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Shelter Island native with Asperger’s develops video game

CHARITY ROBEY PHOTO
Alex Olinkiewicz at his home on Midway Road.

When Alex Olinkiewicz was 16, he made an eight-minute video about what it’s like to have Asperger’s syndrome and posted it on YouTube. Not long after, he opened his email to see that his video, In My Mind, was on YouTube’s featured list and he had 200 emails from people who had seen it. “It was the best day of my life,” he said. 

Twelve years later, there have been more than 1.5 million views of Alex’s video, and hundreds of thousands of those viewers have contacted him, mostly to thank him. “It made a huge impact on my life, and it gave me a calling,” he said.

Alex was diagnosed with Asperger’s, a subtype of autism, when he was 6. Now 28, he’s spent decades learning to live in the world he was born into, and the last decade explaining his world to others. On both fronts, he has made a lot of progress.

Alex was born on September 2, 1990, at home on Shelter Island, and is proud to be a harelegger, as is his younger sister Kate, who still lives on the Island and works on the South Ferry. Alex’s older sister Brittany now lives and works in the city, and his younger brother Chandler works at SALT.

Alex’s parents divorced when he was a kid, and he makes regular visits to his mother, who lives in Maine. His father, Jim Olinkiewicz, is a builder who lives on the Island. Alex went to the Shelter Island School, graduated in 2009 and lives on his own in a house on Midway Road. 

When Alex was a child, his parents knew that he had difficulty fitting in, and when he entered the Shelter Island School, the counselor there said they could help him once he had a diagnosis. Although Alex did not understand it at the time, years later he figured out that when his parents told him that his brain worked differently than other people’s, it was because he had been diagnosed with Asperger’s syndrome, although it would be years before he knew the name of his condition.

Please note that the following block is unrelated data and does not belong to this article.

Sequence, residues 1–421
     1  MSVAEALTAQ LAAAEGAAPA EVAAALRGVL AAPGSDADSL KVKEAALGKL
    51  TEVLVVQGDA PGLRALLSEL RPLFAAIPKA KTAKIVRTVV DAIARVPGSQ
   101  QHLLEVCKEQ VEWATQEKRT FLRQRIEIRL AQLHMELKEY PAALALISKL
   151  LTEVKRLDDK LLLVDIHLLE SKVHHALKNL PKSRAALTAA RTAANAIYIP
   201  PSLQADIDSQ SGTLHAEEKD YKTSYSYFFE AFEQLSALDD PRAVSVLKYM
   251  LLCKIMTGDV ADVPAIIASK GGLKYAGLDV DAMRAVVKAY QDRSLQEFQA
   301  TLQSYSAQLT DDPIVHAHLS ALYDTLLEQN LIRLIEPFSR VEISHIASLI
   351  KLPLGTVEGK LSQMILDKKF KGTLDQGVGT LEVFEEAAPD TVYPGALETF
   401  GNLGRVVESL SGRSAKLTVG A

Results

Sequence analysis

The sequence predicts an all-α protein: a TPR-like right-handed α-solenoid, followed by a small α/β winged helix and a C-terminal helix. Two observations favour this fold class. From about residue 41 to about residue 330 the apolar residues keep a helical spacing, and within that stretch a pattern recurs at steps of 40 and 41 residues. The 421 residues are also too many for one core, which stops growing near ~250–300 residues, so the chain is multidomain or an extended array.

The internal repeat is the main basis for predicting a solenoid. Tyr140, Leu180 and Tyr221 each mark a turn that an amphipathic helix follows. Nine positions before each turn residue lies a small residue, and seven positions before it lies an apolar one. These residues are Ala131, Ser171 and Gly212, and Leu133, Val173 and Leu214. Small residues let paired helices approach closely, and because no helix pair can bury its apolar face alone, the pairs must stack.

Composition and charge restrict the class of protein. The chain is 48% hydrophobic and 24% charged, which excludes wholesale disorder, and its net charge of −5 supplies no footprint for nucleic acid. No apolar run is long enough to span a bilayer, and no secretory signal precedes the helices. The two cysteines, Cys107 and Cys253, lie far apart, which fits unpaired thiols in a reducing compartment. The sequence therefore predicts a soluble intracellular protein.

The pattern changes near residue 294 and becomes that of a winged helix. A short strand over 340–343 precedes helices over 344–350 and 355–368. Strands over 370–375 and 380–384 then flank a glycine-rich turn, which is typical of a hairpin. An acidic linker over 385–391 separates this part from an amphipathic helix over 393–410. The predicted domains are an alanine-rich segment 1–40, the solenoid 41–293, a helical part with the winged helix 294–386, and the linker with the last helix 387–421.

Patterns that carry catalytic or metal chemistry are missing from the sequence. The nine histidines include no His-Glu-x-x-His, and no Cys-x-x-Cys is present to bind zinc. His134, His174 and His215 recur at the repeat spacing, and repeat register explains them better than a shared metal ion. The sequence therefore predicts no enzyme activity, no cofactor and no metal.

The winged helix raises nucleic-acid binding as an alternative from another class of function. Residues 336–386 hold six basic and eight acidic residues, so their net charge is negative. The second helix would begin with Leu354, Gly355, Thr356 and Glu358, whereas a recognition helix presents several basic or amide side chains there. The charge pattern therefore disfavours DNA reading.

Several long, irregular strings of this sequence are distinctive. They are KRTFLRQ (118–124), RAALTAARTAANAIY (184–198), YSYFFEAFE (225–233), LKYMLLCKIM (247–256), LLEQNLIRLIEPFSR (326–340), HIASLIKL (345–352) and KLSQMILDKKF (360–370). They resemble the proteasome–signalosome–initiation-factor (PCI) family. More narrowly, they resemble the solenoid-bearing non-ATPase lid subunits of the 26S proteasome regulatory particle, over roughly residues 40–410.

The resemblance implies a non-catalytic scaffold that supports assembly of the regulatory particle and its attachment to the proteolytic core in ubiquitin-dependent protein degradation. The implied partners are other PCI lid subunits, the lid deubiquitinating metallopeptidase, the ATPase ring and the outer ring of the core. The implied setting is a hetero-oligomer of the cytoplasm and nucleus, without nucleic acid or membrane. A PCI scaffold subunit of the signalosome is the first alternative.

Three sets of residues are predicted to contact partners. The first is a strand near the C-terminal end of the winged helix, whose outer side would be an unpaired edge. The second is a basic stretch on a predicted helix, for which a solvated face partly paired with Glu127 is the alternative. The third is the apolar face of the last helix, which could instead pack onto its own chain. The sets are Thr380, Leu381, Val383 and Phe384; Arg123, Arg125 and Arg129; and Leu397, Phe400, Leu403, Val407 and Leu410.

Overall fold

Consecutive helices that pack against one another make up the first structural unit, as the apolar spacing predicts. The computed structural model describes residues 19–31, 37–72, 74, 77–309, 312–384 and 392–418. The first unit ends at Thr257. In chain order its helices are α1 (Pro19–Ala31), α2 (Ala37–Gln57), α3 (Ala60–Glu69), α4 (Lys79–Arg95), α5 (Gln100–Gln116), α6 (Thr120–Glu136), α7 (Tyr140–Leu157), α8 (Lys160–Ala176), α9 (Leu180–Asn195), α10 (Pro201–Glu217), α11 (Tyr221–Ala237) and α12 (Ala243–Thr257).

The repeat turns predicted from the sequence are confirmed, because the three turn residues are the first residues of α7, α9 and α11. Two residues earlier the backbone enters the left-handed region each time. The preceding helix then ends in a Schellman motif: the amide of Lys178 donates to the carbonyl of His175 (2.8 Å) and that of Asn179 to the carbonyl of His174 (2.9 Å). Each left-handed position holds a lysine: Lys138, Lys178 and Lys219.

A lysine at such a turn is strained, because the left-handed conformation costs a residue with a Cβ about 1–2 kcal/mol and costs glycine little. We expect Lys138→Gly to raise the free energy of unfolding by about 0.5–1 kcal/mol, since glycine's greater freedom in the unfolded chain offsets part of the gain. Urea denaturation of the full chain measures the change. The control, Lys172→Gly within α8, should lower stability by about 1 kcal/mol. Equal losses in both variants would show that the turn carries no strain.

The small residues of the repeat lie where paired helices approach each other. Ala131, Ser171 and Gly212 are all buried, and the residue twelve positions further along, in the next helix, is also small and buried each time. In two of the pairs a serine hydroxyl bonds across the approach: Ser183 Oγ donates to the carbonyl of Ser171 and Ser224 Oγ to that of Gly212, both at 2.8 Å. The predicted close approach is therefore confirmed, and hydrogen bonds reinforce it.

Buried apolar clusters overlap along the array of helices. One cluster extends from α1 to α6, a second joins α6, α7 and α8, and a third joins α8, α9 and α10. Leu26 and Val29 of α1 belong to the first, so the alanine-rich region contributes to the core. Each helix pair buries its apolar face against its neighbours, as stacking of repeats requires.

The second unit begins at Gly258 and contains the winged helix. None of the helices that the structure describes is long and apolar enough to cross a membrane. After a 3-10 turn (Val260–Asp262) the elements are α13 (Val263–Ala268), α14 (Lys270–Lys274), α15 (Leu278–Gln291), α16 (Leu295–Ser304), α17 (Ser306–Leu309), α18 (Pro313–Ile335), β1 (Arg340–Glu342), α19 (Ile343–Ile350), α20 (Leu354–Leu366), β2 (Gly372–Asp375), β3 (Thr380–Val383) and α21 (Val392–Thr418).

Autism often comes with extreme sensitivities and muscular discomfort, and Alex could only sit for long periods with his legs folded, not in a chair. Loud noises or screams hurt him, music was painful. Reading was very difficult for him, and he had to learn to use a narrating program to get through his assignments.

A ray of light during Alex’s difficult school years was Robin Anderson, the special education teacher. “She was my first and true friend. I went to her every single day for the entire 12 years I was in school. We talked, she helped me with my homework. She had tea and goldfish crackers. I liked hanging out with her.”

Alex’s efforts to adapt to school life put him under daily stress, and it wasn’t until high school that he made an important discovery.  When he explained to people why something was difficult for him, it helped. “I can’t just translate words. My mind has pictures, not words,” he said.  “I decided to start explaining it, and that led me to make Inside My Mind.

In 2012, Alex wrote a book based on his transcribed conversations and illustrations titled In My Mind — A Journey Through My Life with Asperger’s/Autism. Initially self-published, it was published again by Future Horizons in 2014.

In a school of only a few hundred students, Alex was the only one diagnosed with autism for most of his time there. “It was hell for me,” he said. “I wasn’t bullied or anything, but I was very much an outcast. Once I made my video I think my classmates understood me better.”